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This Day in History
In Washington, D.C., humanitarians Clara Barton and Adolphus Solomons found the American National Red Cross, an organization established to provide humanitarian…
A century after Robert Scott’s ill-fated trek to the South Pole, the ship that brought him to Antarctica has been found off the coast of Greenland.
Despite the chivalry seen aboard Titanic, men usually fare better than women when marine disasters strike.
On Saturday, after a turbulent 150 years, the Confederate ironclad CSS Neuse will be moved indoors into a new facility.
Forensic specialists have put faces to the remains of men who went down with the USS Monitor 150 years ago.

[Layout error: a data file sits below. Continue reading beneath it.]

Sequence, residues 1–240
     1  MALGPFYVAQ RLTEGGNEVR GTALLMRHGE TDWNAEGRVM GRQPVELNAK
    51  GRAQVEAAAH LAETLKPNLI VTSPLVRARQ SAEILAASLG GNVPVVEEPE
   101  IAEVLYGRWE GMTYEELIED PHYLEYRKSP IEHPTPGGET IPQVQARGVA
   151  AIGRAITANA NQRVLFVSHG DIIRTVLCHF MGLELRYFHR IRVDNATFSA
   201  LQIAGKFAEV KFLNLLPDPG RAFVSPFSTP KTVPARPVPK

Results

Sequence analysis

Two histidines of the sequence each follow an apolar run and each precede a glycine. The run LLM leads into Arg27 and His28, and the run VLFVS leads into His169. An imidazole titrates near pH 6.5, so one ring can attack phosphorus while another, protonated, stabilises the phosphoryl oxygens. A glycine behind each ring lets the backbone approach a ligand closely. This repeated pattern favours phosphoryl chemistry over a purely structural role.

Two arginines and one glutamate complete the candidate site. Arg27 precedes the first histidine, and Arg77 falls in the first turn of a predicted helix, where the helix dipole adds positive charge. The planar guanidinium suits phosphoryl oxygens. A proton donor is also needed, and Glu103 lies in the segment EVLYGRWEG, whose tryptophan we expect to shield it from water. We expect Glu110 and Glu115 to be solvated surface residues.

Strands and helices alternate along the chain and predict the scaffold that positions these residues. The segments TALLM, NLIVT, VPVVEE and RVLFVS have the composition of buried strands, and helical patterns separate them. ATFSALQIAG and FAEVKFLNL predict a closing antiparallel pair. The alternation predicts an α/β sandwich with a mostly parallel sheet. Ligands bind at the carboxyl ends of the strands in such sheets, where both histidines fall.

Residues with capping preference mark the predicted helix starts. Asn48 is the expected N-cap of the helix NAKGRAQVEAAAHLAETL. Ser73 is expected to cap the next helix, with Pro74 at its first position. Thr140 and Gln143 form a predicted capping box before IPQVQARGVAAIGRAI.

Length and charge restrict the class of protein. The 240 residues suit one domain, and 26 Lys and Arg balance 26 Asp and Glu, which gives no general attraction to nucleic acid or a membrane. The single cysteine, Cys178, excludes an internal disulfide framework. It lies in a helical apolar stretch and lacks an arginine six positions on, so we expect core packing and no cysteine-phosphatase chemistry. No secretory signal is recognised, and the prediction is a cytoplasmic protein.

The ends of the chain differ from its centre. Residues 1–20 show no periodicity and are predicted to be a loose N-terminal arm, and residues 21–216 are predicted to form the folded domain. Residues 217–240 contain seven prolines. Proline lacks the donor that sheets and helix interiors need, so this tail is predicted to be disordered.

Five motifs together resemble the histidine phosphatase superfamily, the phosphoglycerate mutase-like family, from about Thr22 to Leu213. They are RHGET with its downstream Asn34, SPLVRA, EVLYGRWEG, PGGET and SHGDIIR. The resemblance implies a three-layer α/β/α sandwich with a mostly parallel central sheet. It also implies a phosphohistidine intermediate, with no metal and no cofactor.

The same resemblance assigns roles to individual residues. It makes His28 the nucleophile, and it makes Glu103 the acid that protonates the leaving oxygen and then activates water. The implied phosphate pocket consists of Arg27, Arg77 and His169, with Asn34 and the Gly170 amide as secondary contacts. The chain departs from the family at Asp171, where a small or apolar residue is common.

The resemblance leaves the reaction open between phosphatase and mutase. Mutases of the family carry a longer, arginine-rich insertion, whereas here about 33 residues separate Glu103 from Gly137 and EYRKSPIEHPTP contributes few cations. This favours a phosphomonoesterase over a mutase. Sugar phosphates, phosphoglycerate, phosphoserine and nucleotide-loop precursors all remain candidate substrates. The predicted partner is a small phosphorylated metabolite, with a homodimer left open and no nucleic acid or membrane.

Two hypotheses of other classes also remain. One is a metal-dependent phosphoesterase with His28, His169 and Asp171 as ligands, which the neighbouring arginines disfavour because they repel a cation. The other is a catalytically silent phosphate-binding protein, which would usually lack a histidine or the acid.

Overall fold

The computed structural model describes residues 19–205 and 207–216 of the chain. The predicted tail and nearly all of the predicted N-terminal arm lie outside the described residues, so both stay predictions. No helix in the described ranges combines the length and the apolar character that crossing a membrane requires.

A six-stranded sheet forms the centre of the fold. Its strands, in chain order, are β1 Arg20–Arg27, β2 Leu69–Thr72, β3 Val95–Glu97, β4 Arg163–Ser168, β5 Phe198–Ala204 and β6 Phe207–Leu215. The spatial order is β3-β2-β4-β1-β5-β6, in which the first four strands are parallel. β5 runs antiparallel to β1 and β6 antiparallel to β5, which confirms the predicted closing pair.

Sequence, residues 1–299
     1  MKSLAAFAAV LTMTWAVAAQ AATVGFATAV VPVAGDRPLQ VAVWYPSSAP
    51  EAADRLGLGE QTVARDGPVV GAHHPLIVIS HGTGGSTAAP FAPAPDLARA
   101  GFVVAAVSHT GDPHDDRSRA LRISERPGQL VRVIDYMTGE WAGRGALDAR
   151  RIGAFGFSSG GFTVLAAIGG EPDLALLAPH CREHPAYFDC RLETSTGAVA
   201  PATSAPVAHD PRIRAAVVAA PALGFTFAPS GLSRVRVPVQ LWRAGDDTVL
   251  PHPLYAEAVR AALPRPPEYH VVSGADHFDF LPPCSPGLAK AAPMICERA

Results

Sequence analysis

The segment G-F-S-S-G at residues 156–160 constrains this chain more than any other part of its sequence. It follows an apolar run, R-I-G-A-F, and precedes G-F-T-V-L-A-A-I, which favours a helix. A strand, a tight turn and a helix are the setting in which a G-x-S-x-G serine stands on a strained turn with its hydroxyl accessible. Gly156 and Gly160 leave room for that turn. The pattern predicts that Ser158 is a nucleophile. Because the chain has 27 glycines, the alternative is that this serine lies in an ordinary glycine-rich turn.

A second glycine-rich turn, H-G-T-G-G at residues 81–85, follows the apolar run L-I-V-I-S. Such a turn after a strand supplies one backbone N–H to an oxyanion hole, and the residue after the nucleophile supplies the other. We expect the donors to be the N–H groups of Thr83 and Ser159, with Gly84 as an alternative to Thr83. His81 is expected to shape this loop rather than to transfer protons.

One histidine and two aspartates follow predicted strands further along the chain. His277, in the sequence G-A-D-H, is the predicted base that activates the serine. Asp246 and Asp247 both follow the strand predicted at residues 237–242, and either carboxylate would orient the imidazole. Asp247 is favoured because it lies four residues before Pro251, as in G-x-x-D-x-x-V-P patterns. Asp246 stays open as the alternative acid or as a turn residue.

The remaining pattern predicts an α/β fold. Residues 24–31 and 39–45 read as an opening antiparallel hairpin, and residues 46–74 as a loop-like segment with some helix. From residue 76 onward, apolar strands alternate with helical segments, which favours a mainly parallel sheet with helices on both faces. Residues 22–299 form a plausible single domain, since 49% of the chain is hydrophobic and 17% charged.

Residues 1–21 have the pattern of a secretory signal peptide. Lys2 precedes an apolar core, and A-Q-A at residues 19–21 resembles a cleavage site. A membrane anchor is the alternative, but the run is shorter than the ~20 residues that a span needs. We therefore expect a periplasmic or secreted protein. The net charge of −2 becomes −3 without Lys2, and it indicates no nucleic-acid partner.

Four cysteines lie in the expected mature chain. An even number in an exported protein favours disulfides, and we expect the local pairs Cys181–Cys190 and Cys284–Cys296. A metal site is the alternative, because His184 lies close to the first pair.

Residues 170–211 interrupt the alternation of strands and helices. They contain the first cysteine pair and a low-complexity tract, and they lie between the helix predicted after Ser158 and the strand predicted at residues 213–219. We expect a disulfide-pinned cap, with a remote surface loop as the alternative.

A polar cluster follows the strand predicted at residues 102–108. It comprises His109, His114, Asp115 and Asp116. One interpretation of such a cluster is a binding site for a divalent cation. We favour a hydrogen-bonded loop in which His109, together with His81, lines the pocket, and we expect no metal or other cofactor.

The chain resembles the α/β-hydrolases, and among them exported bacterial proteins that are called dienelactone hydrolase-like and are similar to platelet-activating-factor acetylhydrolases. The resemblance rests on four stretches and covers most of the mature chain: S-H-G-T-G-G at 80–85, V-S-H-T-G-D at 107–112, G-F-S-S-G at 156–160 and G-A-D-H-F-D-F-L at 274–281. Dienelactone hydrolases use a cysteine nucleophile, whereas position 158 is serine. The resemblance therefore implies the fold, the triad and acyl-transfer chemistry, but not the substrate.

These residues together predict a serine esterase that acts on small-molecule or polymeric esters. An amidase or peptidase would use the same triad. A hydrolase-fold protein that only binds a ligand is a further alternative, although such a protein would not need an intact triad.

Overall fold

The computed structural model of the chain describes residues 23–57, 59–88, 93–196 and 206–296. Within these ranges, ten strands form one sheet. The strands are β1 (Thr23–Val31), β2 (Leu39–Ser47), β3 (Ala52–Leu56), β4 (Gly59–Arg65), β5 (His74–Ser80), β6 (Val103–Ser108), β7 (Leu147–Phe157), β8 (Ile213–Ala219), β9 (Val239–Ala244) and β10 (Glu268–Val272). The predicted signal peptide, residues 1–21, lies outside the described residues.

Get a sneak peek at the remarkable collection of artifacts from Titanic that will be auctioned in New York this April.
As the year comes to an end, explore the top History in the Headlines stories published in 2011, from breaking news to special features.
On Wednesday, divers hauled an 8-foot-long, 2,000-pound cannon from the site where Queen Anne’s Revenge sank nearly 300 years ago.
SS Gairsoppa sank while carrying a fortune in silver, estimated to be worth $210 million in today’s dollars.
After more than 100 years, an Irish teen who died while working on Titanic and is thought to be the ship’s first victim has a headstone for his grave.
Researchers have used DNA sequencing to unlock the secrets of 2,000-year-old medicines found in a shipwreck.
A team in North Carolina is working to recover a 3,000-pound anchor from Blackbeard’s flagship, Queen Anne’s Revenge, which ran aground in 1718.
Finnish researchers hope to crack the recipe of 200-year-old beer found in a Baltic shipwreck and recreate it for today’s drinkers.
Nearly a century after striking an iceberg and plunging into the North Atlantic, Titanic has become a meal for hungry microscopic bacteria.